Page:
Environment Canada adopts B.C. model to warn of smoke hazards

Last year’s record-breaking wildfire season forced Canadians to become familiar with the scale of air pollution as hazardous smoke drifted across the country.

Environment Canada’s colour-coded Air Quality Health Index (AQHI), designed to help people understand health risks associated with contaminated air, was closely watched under hazy, orange skies that stretched beyond the Canada-U.S. border.

But the AQHI, measured on a scale from one to 10+, was not calculated the same way in all provinces and some people were unsure how index values applied to their daily activities.

Environment Canada says it hopes several changes being made this year will improve how air quality-related health risks are communicated and understood by the public during wildfire season.

One of those changes is to the department’s go-to website for weather conditions and warnings across the country: weather.gc.ca. Users can now toggle between different layers of active alerts and display only those related to air quality if that’s their main concern. Detailed air quality warnings are also listed under a separate tab.

When the AQHI exceeds 10 due to wildfire smoke — indicating a “very high” health risk — affected areas appear red on the map.

A map of Canada with one grey square over northeast B.C.
Environment Canada says its go-to website for weather conditions and warnings, shown here on Monday, now includes a layer for air quality-related alerts so users can see them easily if that is their main concern. (Environment Canada)

A new type of air quality advisory will also be issued to warn of potentially worsening health effects and urge people to seriously consider cancelling outdoor events, said Celine Audette, manager of health and air quality forecast services at Environment and Climate Change Canada.

This change was prompted by a “record number” of AQHI 10+ scores during last year’s wildfire season, she said in a phone interview.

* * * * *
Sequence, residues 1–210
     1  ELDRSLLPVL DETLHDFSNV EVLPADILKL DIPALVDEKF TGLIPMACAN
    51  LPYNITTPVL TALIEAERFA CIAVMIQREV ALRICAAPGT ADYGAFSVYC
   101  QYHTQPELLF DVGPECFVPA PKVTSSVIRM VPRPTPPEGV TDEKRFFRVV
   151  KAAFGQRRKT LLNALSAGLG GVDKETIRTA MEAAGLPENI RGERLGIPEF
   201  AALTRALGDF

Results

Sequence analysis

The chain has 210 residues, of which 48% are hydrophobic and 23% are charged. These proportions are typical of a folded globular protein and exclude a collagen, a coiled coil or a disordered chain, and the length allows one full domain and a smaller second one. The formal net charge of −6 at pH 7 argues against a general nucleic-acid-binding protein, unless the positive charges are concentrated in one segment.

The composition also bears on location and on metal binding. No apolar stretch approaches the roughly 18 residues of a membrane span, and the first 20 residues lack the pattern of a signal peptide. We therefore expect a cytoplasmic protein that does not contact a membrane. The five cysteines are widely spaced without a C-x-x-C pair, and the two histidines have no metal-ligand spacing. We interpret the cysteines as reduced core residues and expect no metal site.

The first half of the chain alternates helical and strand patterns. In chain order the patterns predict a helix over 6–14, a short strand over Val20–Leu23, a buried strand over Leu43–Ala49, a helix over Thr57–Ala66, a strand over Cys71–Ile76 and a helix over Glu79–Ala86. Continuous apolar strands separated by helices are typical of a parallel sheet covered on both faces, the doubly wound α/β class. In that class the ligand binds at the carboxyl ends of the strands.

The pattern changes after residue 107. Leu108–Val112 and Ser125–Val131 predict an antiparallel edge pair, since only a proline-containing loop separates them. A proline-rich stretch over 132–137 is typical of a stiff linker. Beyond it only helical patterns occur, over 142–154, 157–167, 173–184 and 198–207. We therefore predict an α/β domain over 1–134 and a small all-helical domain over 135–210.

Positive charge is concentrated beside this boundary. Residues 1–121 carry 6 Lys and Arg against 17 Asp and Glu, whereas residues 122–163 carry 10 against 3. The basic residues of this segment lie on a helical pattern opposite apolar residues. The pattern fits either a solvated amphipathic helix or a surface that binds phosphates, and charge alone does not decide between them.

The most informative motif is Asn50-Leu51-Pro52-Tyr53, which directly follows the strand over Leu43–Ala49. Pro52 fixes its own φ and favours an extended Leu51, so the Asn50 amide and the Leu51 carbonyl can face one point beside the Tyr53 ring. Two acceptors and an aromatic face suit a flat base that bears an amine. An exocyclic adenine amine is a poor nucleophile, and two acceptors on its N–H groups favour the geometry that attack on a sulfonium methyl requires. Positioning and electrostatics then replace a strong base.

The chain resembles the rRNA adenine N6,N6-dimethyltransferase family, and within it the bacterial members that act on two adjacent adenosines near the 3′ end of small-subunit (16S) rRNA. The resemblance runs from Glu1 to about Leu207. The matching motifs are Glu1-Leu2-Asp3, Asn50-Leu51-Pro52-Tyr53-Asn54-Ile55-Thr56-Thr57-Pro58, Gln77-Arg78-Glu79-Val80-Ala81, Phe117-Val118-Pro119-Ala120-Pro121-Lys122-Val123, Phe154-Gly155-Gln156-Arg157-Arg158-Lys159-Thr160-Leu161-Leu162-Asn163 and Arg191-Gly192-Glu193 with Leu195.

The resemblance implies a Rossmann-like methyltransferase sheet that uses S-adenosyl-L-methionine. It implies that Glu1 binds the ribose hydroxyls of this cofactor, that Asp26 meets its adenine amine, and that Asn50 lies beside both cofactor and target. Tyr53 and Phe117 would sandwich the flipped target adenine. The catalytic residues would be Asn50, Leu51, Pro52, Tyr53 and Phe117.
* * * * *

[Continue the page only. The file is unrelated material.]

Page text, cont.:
That level “exceeds any kind of air quality objective across the world,” Audette said. “It was the worst air quality in Canada, worse than India.”

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Environment Canada follows in B.C.’s footsteps

Audette said the aim of the stronger advisory language on especially smoky days is to better inform people and help prevent health issues.

That’s also the goal of another, more complex, change that occurred last week. 

She said Ontario and Alberta have now joined most other provinces in using the federal government’s enhanced version of the AQHI, which measures the levels of fine particulate matter known as PM 2.5 in the air on an hourly basis.

PM 2.5 comes from a wide range of sources, including power plants and vehicles, and it’s a particularly harmful component of wildfire smoke that can travel deep into a person’s lungs and cause or exacerbate health complications.

Two people walk toward a school as smoke rises in the background.
Smoke from the Parker Creek wildfire rises over Fort Nelson Secondary School, in Fort Nelson, B.C., on May 10, shortly before the community was ordered to evacuate. (Carlos Heffes)

For years, the “classic” version of the AQHI measured a three-hour rolling average of common air pollutants: ground-level ozone, nitrogen dioxide and PM 2.5. 

But B.C. changed this after realizing the index did not reflect PM 2.5 spikes caused by wildfires and would display low scores even as plumes of smoke rolled in.

Environment Canada has adopted the B.C. model and now runs two parallel calculations: the rolling average of the three air pollutants and the hourly PM 2.5 levels. The AQHI score the public sees is based on whichever measure is higher.

“I think people will see a big difference,” Audette said of the switch.